Anyway, Christine’s debut goes well, but Carlotta returns to the role against the Phantom’s wishes, so for the next performance a giant chandelier crashes onto the audience. This is when the masked Phantom finally appears before Christine, and, in a kind of nightmare sequence, leads her slowly down the stone steps as she cowers in fright. What happened to all the “Master” talk? Hey, I thought you were into this!
There’s a labyrinth beneath the opera house, I believe she rides a horse for a time, and then he rows her via gondola across an underground river to his hideout. He wants to marry her, or something, says she can come and go as she pleases, but he makes one demand: that she never remove his mask. So of course that’s exactly what she does.
Apparently Chaney, who was already legendary in 1925, and only lived until 1930, did his own makeup. Even 100 years later it’s good. Spooky. One can only imagine what 1925 audiences thought.
So what’s her punishment for Eve-like doing the one thing she wasn’t supposed to? Erik says he’s going to make her a prisoner forever. But then he immediately lets her go back to the surface to say her goodbyes. Does she flee Paris? France? Does she go to the cops? None of the above. She attends a masked ball at the opera house, where she tells Raoul all; but the Phantom is there, too, spying, along with another mysterious, menacing figure in a fez, who turns out to be a cop, Ledoux. He's long been on the trail of the Phantom—a madman who escaped from Devil’s Island.
Another question: Was he a madman before Devil’s Island or was he tortured into it? And was his skeletal visage the result of the torture or was he born that way?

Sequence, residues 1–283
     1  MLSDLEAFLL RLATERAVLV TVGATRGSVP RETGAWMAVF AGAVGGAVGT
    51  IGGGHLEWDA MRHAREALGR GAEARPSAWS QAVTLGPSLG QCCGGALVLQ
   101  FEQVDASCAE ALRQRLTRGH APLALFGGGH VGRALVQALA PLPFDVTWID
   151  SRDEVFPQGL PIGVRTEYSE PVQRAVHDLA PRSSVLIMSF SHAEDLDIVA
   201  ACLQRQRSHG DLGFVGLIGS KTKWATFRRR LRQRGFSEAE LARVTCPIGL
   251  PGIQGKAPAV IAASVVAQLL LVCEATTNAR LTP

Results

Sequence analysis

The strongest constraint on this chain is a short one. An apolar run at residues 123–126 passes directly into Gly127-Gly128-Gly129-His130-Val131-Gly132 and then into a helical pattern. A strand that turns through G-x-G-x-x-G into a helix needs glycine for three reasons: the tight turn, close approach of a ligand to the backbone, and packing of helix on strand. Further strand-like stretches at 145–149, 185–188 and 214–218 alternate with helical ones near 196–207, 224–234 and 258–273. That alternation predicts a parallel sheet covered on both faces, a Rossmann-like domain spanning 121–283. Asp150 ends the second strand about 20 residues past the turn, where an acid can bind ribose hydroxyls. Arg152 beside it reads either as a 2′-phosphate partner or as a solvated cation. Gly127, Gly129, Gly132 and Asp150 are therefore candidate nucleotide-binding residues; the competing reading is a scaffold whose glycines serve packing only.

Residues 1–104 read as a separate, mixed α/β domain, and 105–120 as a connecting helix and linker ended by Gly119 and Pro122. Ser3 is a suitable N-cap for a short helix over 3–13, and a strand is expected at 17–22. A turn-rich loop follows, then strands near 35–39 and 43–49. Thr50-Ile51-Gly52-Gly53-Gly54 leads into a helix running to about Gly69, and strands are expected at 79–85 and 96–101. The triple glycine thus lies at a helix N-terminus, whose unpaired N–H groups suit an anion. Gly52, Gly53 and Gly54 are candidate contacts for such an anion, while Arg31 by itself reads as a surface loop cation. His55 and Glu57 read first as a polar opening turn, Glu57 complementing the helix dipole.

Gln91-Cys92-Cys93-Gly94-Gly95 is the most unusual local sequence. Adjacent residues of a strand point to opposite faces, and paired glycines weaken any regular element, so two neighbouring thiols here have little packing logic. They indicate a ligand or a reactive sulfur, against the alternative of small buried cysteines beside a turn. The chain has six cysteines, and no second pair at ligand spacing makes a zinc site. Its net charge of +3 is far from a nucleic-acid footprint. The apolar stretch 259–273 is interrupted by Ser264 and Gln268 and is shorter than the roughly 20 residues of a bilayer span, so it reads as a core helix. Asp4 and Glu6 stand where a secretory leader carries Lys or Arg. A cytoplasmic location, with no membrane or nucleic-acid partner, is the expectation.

The big third act involves the Phantom kidnapping Christine off the stage, Ledoux and Raoul in pursuit but falling into one trap after another, and a mob with torches descending in the basement labyrinth of the opera house. There’s a chase through the streets of Paris, and the Phantom, grinning all the while, almost gets away but is caught near the Seine. I love the bit where he threatens the crowd with an explosive device in his hand, but then reveals the hand to be empty. I like how he does this—triumphantly—even though it means his doom. He’s beaten by the mob and tossed into the Seine. That’s it. Bye, Erik.
So what to make of this story? Why does it endure? How is it romantic?
To me, two things are still great about this ’25 version: Chaney, who apparently hated the director, and the sets. Here’s Wiki on the latter:
Because it would have to support thousands of extras, the set became the first to be created with steel girders set in concrete. For this reason it was not dismantled until 2014. Stage 28 on the Universal Studios lot still contained portions of the opera house set, and was the world's oldest surviving structure built specifically for a movie at the time of its demolition. It was used in hundreds of movies and television series.
One wonders which movies and TV series. One wants a book on the subject: “Stage 28.”
I got to see “Phantom” at SIFF, on the big screen, with a live soundtrack by Austin indie band The Invincible Czars. Made for a good Saturday afternoon.
Someone get back to me on the romantic question.